Lyn Evans
Lyn Evans owner Charlie White with Jenn Shotkus, buyer for Lyn Evans and daughter of its founders, Stan and the late Linda Shotkus. (Bill Brett for The Boston Globe)
By Cindy Cantrell
Globe Correspondent

After operating in Massachusetts and Connecticut for 39 years, the Lyn Evans network of six women’s clothing stores was shuttered in July 2017. Within weeks of learning of the closure, retailer Charlie White of Cohasset decided to invest in the brand.

To date, White has reopened three former locations, including 29 Main St. in Concord. Among the employees who have stayed on is buyer Jenn Shotkus, whose parents Stan and the late Linda Shotkus founded, owned, and managed Lyn Evans. White gave this interview.

Q. Why did you want to reinvigorate Lyn Evans?

A. I was inspired to maintain the brand because literally three generations of families are clients of Lyn Evans. Regardless of age, lifestyle, or personal aesthetic, there always has been something for everyone who shops here. Equally important for me, I recognize how much the Shotkus family invested in the communities where their stores were located, always finding ways to give back to neighborhood institutions and charities.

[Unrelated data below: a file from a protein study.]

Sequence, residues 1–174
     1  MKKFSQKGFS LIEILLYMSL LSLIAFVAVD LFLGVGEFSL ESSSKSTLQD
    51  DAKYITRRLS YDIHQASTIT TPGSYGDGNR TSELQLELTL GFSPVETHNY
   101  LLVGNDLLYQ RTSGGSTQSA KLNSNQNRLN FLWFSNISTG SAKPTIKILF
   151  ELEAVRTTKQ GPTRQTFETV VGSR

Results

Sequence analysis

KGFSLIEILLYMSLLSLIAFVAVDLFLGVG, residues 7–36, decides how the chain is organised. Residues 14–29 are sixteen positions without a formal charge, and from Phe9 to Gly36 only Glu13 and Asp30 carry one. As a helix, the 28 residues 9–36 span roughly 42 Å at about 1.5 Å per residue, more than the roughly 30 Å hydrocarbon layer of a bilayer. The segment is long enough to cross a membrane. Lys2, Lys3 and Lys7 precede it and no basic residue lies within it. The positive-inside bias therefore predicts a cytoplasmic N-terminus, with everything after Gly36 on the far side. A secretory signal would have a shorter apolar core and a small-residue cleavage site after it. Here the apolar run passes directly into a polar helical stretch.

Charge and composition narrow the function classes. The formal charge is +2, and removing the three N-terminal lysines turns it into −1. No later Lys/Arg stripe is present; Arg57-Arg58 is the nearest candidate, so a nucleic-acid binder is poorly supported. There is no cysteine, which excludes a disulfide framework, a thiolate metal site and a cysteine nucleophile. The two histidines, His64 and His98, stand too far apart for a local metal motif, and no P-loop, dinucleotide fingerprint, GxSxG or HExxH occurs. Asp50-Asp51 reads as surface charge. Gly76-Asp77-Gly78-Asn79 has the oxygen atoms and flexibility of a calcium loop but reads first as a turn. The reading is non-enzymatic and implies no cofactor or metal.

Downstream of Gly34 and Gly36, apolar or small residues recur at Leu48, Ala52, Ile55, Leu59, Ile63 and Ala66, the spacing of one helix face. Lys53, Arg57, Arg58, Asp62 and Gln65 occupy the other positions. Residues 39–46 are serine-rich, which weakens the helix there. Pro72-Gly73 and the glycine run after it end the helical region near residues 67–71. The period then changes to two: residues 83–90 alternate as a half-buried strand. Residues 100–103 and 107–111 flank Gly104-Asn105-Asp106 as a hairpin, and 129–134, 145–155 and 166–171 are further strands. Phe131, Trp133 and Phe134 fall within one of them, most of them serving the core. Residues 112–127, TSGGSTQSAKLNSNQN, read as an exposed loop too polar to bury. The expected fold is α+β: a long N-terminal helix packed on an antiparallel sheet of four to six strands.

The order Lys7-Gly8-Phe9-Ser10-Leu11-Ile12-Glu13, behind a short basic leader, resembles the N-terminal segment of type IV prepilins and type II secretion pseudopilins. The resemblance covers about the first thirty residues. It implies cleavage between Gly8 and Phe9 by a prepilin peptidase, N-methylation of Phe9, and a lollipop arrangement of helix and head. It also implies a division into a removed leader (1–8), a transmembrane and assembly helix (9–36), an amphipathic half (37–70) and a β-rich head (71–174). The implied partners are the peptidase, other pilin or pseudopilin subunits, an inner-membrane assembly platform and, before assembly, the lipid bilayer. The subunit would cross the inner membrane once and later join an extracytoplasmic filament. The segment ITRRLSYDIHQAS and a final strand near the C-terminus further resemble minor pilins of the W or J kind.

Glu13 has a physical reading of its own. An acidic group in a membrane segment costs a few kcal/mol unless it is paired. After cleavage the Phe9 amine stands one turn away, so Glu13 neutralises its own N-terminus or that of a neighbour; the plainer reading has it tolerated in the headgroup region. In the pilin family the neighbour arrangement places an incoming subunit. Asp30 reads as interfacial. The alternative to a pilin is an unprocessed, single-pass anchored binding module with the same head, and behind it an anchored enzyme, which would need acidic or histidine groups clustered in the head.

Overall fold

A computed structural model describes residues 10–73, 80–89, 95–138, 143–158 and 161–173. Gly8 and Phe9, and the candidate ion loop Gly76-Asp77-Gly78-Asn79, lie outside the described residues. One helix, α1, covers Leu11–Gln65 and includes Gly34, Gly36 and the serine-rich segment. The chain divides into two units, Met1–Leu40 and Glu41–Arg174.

Q. How will you continue that tradition?

A. I was fortunate to retain a number of great employees who already had [community service] as part of their thinking. The minute I introduced myself, they were quick to say, ‘Let us tell you about all these charity events we’ve got lined up.’ I personally like the idea of supporting the communities in which we work. It also helps us in the long run by getting our name out there.

Q. How meaningful is having Jenn Shotkus as part of your team?

A. It’s fantastic. Jenn is excited about a new iteration of the company that her parents started. She brings product knowledge that complements my marketing experience, and enjoys having the opportunity to approach things slightly differently while building on her parents’ legacy. It’s a great fit all around.

Q. What changes can customers expect?

A. We’ve got some of the same manufacturers, but we’re also embracing some new vendors that I think customers will love. Aesthetically speaking, the space used to be heavily propped with antiques. The store is less crowded now, with more emphasis on the merchandise. For my part, I’m focusing on leveraging direct marketing and growing the e-commerce business. We haven’t even scratched the surface in those areas.

Q. What feedback have you received since reopening?

A. The Concord store was a shopping destination for 25 years, so customers are thrilled to have us back. I’ve literally seen a few women cry when they come in, which surprised me. Now that’s an emotional welcome!

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